It has been said that there’s no such thing as ethical consumption in a capitalistic society. For many fans of the National Football League, that notion has never resonated more than it does today. A number of NFL players, like many men in power, treat women as objects. They harass. They abuse. They rape. That part isn’t new. The NFL doesn’t care about women. That part isn’t new either.
What is new, is that in this era of #METOO and social media leading to more awareness, the NFL and its players can no longer hide. If a player has assaulted a girlfriend or a trainer, we’ll find out eventually. Their rape victim will come forward. It’s been happening now for years, and it will continue. And I hope that as more women come forward with their stories, the NFL, its fans, and the media, will handle the situation better than they have thus far.
Before Tyreke Hill entered the league, he almost strangled his pregnant girlfriend to death. Most recently, he broke the arm of the child she was carrying, and was caught on tape threatening her, declaring that she should be afraid of him. The NFL has decided that because Hill is a talented receiver who plays with reigning MVP Patrick Mahomes on the Chiefs, there is a place for him the league.
Former Chiefs running back Kareem Hunt was caught on tape shoving and kicking a woman in a hotel lobby. The Chiefs were quick to release him last season, but the Browns were eager to add the talented running back to their team this past offseason. Hunt will serve an 8 game suspension, return to NFL action in week 9, score some points for fantasy football owners, and all will be forgiven. What Hunt did was despicable, but you have to assume the only reason he’s even serving a suspension at all is because the video footage leaked to the public. When Ray Rice was caught on tape dragging and beating his fiancé in an elevator, NFL commissioner Rodger Gooddell knew about the tape, but still didn’t discipline Rice until after the tape was made public. The NFL doesn’t care about women, but they’d love you for you to think that they do.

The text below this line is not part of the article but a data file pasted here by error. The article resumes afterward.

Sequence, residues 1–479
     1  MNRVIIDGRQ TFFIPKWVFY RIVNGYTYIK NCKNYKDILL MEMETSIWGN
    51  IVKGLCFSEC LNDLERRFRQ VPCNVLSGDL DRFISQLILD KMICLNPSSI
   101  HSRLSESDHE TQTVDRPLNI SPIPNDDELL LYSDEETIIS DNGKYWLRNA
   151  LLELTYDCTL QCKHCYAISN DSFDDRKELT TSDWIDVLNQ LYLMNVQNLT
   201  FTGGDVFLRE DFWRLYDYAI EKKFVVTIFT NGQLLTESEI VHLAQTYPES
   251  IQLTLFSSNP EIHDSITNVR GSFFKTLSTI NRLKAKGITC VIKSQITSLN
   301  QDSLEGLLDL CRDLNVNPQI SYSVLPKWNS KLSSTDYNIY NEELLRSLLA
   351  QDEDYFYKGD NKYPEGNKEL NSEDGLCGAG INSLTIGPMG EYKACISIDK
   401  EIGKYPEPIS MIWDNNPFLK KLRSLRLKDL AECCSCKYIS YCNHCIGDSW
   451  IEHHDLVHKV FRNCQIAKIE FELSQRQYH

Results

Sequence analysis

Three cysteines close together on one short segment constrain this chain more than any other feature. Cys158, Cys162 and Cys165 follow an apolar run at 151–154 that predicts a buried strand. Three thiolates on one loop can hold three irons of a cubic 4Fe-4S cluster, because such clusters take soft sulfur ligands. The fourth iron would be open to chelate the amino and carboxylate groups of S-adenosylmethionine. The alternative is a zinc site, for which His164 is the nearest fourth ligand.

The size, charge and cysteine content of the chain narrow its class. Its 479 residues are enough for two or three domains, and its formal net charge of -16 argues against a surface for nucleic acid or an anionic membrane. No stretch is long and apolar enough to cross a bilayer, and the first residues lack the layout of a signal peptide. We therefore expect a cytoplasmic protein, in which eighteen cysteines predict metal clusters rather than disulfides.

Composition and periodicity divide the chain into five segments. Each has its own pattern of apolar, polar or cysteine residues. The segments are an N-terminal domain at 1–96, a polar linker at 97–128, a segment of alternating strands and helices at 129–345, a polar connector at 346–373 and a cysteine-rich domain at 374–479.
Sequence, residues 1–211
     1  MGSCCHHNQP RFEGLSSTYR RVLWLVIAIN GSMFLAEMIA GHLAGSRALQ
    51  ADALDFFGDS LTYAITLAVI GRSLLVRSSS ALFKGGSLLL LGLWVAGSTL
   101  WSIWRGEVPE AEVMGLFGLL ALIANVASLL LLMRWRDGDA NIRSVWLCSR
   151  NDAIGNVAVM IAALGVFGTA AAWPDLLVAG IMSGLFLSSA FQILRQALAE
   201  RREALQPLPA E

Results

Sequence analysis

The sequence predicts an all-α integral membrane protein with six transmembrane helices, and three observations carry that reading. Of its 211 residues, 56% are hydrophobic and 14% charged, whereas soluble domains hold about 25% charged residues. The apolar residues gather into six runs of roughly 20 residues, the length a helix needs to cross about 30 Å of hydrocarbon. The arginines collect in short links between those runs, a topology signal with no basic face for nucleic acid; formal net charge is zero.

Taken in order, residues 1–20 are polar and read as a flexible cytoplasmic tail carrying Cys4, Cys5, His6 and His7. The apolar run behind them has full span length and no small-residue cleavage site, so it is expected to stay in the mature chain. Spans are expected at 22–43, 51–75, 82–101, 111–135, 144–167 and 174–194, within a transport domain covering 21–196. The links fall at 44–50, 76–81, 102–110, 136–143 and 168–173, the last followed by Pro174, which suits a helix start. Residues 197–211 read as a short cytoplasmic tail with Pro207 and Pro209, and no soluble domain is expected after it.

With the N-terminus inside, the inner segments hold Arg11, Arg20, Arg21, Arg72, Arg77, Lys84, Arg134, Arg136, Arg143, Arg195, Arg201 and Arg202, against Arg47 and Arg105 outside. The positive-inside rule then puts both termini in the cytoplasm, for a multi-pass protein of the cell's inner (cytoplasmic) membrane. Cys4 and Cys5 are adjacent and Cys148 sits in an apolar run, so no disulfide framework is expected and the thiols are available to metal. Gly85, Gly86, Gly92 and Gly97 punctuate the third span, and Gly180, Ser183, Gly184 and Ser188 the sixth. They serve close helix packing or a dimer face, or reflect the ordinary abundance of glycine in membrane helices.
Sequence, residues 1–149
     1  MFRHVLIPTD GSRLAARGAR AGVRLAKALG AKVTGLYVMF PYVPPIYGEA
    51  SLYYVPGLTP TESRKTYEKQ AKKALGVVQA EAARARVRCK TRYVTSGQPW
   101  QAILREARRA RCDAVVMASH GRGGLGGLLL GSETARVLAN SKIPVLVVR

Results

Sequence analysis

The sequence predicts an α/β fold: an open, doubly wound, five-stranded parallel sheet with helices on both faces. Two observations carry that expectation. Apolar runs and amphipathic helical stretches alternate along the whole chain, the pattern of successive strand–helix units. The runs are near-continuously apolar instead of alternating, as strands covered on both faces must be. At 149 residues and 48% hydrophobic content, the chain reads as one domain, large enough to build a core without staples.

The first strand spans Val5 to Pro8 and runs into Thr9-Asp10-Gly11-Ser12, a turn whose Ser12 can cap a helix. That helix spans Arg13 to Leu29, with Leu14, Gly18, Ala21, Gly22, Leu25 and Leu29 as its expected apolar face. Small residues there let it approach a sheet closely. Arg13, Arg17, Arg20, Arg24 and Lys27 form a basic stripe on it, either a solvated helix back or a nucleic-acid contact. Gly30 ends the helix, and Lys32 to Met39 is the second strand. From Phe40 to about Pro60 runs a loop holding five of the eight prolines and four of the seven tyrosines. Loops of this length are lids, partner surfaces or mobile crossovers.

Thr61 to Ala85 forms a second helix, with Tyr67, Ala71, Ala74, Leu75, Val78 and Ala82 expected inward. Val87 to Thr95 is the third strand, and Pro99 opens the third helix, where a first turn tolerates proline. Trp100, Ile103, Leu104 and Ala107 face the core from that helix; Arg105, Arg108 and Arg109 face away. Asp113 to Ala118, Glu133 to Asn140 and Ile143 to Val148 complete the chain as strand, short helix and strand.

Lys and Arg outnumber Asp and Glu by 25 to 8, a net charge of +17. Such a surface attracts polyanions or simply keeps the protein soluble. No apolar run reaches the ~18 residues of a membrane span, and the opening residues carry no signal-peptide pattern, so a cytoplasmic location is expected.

Most recently, star wide receiver Antonio Brown was accused of two counts of sexual assault and one count of rape. Men in the media will be quick to point out that his accuser did not file a police report, but rather a civil lawsuit. Brown’s camp claims he’s being extorted. And while that’s certainly a possibility, I have no interest in supporting this man until he can prove his innocence. At the very least, he’s guilty of sending his accuser gross and threading emails in which he seems to corroborate the assaults in question. As I am writing this, Brown is set to start his first game for his newest team, the New England Patriots. The Pats may not have known about the accusations before they signed Brown, but they’re choosing to roll with him regardless. So what difference does it make?
As a lifelong Patriots fan, I can’t not watch my team. Despite what everyone likes to think, many of the players on this team are food men. The McCourty twins, Duron Harmon, and Matthew Slater (to name a few) all do so much good for their communities and beyond. But their good doesn’t outweigh the harm that Antonio Brown has caused his ex-trainer.
I will continue to cheer for my team, but I cannot root for Antonio Brown. I hope I’m not the only Pats fan struggling with this. And I hope other NFL fans feel the same when they find out their team employs an Antonio Brown or a Tyreke Hill.
This season as I struggle with my morals and ethics while supporting a team that employs a sexual abuse, I pledge to donate $1 for every snap played by Antonio Brown as a member of the New England Patriots to organizations that support women who have been affected by domestic and sexual abuse. I challenge other NFL fans to do the same.